Pine resin from Avila (Spain) Amphora. Dresell 11 variant. Number 503 Museum of Ceuta (Spain). Aquatic environment. Amphora type Beltran IV. Number 15882. Museum of Almeria (Spain). Aquatic environment


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phorae. Normally, these resinous deposits were formed by a variable thickness layer of about several millimeters in the wall of the amphora and even 1–2 cm at the bottom of this. Samples were obtained taking a minimum part, to prevent a damage of archaeological object, of these layers with the aid of a scalpel. Samples obtained in this way were converted into powder and about 10 mg were dissolved in 5 ml of chloroform. A dark brown solution was obtained in all the cases except for the natural pine resin where a light yellow solution was obtained.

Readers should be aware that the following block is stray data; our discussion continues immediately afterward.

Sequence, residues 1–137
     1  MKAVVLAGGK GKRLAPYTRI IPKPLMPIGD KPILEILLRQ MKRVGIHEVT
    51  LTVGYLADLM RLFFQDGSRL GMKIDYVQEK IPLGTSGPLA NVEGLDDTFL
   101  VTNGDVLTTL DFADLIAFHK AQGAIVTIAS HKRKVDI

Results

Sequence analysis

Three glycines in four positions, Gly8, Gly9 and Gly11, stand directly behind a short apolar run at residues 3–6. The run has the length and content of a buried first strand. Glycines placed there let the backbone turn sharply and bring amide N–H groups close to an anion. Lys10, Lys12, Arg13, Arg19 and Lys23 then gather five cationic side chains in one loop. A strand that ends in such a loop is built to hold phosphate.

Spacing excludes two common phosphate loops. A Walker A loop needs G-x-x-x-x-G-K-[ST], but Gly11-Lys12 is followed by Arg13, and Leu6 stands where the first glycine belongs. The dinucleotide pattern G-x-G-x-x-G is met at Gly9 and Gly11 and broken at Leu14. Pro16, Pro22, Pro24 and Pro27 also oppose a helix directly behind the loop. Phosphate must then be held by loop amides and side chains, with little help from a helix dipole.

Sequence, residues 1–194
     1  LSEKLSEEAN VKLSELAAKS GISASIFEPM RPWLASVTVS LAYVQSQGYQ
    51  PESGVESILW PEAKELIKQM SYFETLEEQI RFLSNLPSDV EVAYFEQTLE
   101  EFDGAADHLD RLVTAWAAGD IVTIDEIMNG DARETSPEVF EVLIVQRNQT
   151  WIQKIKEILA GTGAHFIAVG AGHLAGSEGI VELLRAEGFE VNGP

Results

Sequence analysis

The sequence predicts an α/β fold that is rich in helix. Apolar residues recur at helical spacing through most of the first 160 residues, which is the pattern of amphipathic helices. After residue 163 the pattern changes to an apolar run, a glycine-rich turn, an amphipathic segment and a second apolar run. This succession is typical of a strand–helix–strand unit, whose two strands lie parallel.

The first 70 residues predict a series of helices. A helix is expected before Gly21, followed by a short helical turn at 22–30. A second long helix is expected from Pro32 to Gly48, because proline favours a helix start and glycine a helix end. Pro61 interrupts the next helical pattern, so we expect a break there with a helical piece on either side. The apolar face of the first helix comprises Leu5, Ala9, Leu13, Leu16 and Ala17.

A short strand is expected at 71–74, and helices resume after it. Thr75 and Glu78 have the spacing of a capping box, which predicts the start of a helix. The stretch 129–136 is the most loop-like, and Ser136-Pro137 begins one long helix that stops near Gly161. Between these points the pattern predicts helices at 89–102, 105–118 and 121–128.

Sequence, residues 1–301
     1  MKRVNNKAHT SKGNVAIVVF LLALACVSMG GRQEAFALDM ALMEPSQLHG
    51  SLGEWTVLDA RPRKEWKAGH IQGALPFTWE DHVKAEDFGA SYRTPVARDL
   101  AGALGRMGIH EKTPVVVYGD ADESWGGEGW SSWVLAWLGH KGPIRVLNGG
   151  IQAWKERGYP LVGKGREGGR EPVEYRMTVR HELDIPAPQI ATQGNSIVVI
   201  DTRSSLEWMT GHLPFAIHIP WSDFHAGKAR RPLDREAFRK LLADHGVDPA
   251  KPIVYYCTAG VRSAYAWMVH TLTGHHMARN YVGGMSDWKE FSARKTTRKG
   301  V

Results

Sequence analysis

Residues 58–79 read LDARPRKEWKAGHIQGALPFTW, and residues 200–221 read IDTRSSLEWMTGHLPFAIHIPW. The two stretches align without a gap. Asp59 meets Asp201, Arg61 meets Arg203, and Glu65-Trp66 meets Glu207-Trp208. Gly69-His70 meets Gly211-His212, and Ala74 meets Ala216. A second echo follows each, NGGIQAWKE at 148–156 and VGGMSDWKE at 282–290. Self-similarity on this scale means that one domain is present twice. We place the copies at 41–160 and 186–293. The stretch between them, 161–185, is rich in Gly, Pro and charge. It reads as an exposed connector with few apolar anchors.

2.3. Deri6atization procedure A mixture of acetonitrile/water/methanol/ pyridine in a 7:1:1:2 ratio was used as solvent, to provide the reaction medium. One hundred microlitres of this solvent and 5 mL of MCF were shaken during about 10 s and mixed with 100 mL of sample (dissolved in chloroform). Finally, 100 mL of 1 M NaHCO3 were added and the reaction mixture was thoroughly shaken. The reaction was completed after 1 min. The chloroform phase was separated, dried with anhydrous sodium sulphate and subjected to GC-MS analysis.

2.4. GC-MS analyses The GC-MS analyses were carried out on a Hewlett–Packard 5890, series II, system; under the following conditions: 25m×0.28mm i.d. fused silica column coated with 0.25 mm 5% phenylmethylsilicone; carrier gas, helium (1 mL/min); column temperature, programmed from 70°C (1 min) to 210°C (20 min) at 20°C/min; injector block temperature, 180°C; detector temperature, 280°C; and sample size, splitless 1 mL. The mass spectrometer was run in the scan mode, where a series of mass spectra were acquired in a continuous mode by the spectrometer. A total ion chromatogram (TIC) was obtained in each analysis. Every point of this chromatogram represented a mass spectrum that could be analysed by the system and compared with those kept in the library of the data base.

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3. Results and discussion